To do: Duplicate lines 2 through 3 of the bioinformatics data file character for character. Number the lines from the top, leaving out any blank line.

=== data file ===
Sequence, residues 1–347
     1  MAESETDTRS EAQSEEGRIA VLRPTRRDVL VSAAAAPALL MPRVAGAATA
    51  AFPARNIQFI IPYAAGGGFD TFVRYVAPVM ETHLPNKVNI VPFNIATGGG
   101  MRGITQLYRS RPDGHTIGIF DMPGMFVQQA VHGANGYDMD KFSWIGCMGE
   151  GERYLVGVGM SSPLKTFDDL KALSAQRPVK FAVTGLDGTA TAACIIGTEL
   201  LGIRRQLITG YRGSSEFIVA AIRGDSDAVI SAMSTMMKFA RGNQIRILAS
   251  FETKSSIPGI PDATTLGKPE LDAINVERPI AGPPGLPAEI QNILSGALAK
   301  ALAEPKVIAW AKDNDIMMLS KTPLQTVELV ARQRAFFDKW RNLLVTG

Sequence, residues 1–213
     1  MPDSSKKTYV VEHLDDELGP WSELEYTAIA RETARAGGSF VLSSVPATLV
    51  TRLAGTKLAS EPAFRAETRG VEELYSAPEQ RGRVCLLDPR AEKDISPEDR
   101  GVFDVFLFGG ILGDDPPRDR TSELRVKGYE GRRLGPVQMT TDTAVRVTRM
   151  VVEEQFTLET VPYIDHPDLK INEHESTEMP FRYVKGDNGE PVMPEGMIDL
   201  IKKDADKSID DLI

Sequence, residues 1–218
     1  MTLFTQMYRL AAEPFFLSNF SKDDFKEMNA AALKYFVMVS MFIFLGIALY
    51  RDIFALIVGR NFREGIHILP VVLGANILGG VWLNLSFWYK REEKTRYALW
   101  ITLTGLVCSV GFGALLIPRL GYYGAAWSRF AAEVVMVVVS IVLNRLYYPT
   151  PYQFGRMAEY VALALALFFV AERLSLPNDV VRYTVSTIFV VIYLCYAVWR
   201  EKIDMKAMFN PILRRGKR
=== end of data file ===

     1  MAESETDTRS EAQSEEGRIA VLRPTRRDVL VSAAAAPALL MPRVAGAATA
    51  AFPARNIQFI IPYAAGGGFD TFVRYVAPVM ETHLPNKVNI VPFNIATGGG